Six Feminist Web Projects You Should Know About
The Internet is a big place. Really big, and more often than not, a really useful place, too! It is a fantastic educational tool, a huge vehicle for the modern feminist movement, and home to a lot of great work done by women around the world. The web has given people of all kind a platform, and it has been taken advantage of and harnessed by women of with various backgrounds and goals to spread their message and showcase their talent, intelligence and creativity.
Here are five feminist projects, creative endeavors rather than news sites, that have taken root online, created by women with the intents of educating, spreading awareness, fostering empowerment, and more. They span various topics and appeal to different interests and demographics, but they each are doing exemplary work, and really should be checked out!
Feminist Frequency’s Anita Sarkeesian is the brains and face behind Tropes vs. Women, a six part video series that examines problematic roles that female characters are reduced to in film and television. In her incredibly informative videos, Sarkeesian identifies, critiques, and explains various tropes (including the Manic Pixie Dream Girl, the Smurfette Principle, and Straw Feminist) that are omnipresent in Hollywood. The series is entertaining, clear, and educational.
Sarkeesian frequently uses pop culture references familiar to the general public, and does an excellent job analyzing complex issues and concepts and breaking them down into bite-size pieces. This allows her videos to be accessible to people with all levels of familiarity with feminism, while being smart and thought provoking at the same time.
Tropes vs. Women is an excellent resource (as are the many other videos on the Feminist Frequency YouTube channel), giving a feminist perspective on many tropes and stereotypes that all of society has been exposed to.
Anita Sarkeesian of Tropes Vs. Women
Of Another Fashion is a unique creature—a project that combines elements of fashion and history in order to create a collection of accounts and photographs of what women wore in the past. But what makes this stand out more than anything is its unique focus on women of color.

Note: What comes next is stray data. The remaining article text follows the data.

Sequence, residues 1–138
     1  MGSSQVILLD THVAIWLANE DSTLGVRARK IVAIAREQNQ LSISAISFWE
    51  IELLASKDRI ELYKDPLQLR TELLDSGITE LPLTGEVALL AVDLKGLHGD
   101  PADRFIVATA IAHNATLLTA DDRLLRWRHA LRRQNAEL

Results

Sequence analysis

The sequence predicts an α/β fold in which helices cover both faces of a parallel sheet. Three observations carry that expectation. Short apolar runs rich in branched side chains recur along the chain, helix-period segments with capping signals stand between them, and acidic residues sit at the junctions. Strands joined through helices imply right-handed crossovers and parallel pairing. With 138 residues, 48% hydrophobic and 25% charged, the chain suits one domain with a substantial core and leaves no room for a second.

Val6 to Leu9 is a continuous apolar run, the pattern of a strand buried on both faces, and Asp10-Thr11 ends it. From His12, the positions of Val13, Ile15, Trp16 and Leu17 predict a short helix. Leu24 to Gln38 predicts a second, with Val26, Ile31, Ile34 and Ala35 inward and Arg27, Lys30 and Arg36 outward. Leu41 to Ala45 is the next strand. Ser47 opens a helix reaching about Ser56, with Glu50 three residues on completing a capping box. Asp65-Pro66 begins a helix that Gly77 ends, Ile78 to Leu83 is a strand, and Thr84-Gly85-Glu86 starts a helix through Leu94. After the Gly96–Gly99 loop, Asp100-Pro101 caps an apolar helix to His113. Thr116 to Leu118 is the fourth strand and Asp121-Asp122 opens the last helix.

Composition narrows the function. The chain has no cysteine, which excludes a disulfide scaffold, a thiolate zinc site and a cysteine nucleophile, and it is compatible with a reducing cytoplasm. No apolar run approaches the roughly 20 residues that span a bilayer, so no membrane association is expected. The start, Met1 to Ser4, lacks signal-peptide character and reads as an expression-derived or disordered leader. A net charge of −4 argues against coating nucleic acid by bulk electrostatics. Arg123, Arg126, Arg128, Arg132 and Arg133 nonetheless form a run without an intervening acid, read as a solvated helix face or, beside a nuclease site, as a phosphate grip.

It’s no secret that women of color have largely been erased from the history books, and as Of Another Fashion makes clear, they’ve largely been ignored throughout the past in terms of fashion as well. Think about it–when was the last time you saw a black flapper in the 1920s or Japanese women rocking stylish updos at internment camps in the 1940s? Historian and creator Minh Ha T. Pham has created this project, combining documents she has found from her own research along with user submissions, to create a comprehensive look at fashion and women of color throughout history, and create an archive of sorts—likely to be the only one of its kind.
It is well known that women have had it rough in nerd culture and the video gaming community for a long while. Various bloggers and writers, including Feminspire’s own Jessica Bagnall, have written about the hostility toward women in these spaces. But Fat, Ugly, or Slutty has taken a new angle at chronicling the hate and misogyny that women face.
A project that runs on content submitted by readers, Fat Ugly, or Slutty shares the threats, harassment and lewd comments that female gamers are subjected to while playing games online (most of which seemingly accuse the user of being fat, ugly or slutty, hence the title). Submissions are in the form of screengrabs and photos of sexist messages that are sent by men (and probably boys too) that they wind up playing with or against.
Fat, Ugly, or Slutty includes all sorts of comments—from offensive and insulting words, to comical messages, to bone-chilling threats of rape or murder. It showcases the breadth of hate and bigotry that women in gaming face as a way to prove and convey this to the public or male gamers who are often in disbelief of the prevalence of this phenomenon, and also cultivates a sense of camaraderie and support among female gamers.